Cachet And Cash For Rafał Blechacz, Named 2014 Gilmore Artist
Polish pianist Rafał Blechacz, who at age 20 swept all five top prizes at the 2005 International Chopin Competition in Warsaw, can now add another prestigious award to his collection. Early Wednesday, Blechacz was named the 2014 Gilmore Artist.
The Gilmore may not have quite the name recognition as the Chopin Competition, but it has a distinguished cachet of its own, plus a generous $300,000 cash award.
Actually, the Gilmore isn't a competition. Named for a Kalamazoo, Mich. businessman and philanthropist, the distinction is given every four years to a pianist who has no idea he or she is in the running for anything — not unlike the MacArthur Foundation "Genius" grants. The first Gilmore Artist, David Owen Norris, was selected in 1991, the year of the inaugural Irving S. Gilmore International Keyboard Festival. Other winners include Leif Ove Andsnes, Ingrid Fliter and Kirill Gerstein.
In an email exchange yesterday, Rafał Blechacz (RAH-fahl BLAY-hahtch) said that he had performed at the Gilmore Festival in 2008 but had never followed the award closely. "I didn't know I was under consideration or being observed, so the news came as a great surprise," he wrote. "I haven't yet decided what I will do with the funds. I have a few ideas, but I need time to allow thoughtful consideration to an award this important and substantial, and how it can be used to support my career."
Blechacz's career, so far, is tied closely to his compatriot Frederic Chopin, especially since that clean sweep in Warsaw. Blechacz won the overall top prize, plus awards for the best mazurka, polonaise, sonata and concerto performances. He's since recorded three all-Chopin albums.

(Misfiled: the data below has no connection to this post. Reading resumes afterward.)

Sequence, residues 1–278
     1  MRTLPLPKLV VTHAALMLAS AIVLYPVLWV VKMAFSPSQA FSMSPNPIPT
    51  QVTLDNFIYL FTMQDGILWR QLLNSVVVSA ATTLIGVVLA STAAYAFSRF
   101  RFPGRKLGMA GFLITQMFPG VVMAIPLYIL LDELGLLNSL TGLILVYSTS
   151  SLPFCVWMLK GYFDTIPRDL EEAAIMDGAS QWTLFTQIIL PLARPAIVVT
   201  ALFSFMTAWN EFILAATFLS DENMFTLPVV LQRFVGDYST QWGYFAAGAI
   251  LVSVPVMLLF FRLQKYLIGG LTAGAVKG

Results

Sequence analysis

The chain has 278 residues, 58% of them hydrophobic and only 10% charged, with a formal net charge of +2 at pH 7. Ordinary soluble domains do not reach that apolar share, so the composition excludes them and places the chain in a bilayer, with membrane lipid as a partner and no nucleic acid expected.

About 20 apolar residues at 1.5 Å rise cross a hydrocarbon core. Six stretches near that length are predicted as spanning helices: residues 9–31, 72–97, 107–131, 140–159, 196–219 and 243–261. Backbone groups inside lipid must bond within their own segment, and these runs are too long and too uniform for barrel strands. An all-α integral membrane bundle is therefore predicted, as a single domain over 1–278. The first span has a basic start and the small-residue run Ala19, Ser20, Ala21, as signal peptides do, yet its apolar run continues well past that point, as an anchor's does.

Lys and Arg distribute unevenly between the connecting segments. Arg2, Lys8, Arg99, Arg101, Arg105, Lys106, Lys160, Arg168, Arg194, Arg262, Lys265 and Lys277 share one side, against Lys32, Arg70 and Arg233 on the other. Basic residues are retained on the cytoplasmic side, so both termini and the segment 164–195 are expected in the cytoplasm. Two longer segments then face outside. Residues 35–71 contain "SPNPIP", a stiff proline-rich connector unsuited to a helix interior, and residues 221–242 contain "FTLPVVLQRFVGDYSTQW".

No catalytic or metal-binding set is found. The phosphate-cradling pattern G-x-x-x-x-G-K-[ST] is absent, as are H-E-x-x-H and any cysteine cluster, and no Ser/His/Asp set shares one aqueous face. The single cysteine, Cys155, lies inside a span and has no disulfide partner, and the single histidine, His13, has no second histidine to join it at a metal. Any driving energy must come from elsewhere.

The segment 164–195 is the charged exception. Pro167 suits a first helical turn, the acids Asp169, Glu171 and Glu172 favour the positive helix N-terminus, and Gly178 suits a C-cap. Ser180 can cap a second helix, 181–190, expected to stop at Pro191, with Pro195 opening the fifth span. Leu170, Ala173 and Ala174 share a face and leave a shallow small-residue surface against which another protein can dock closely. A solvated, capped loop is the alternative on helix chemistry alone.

"In Chopin's music there are a lot of emotions, a lot of different emotions. There are full palettes of emotions," Blechacz told Performance Today host Fred Child in 2010. "I think that my role, the pianist's role, is to enter into Chopin's feelings and recreate them afresh."
As a youngster growing up in north central Poland, Blechacz was fascinated by the church organ and had dreams of making it his instrument until piano lessons convinced him otherwise. He studied at the Artur Rubinstein State Music School in Bydgoszcz and later at the city's Feliks Nowowiejski Academy of Music, where he was still a student when he won the Chopin Competition. Now 28, Blechacz, in addition to his international concert career, is pursuing doctoral studies in the philosophy of music at Nicolaus Copernicus University in Toruń.
Blechacz's first concert as the 2014 Gilmore artist will be webcast live from WQXR's Greene Space, Wednesday, Jan. 8, at 5:30 p.m. ET.
Copyright 2020 NPR. To see more, visit https://www.npr.org.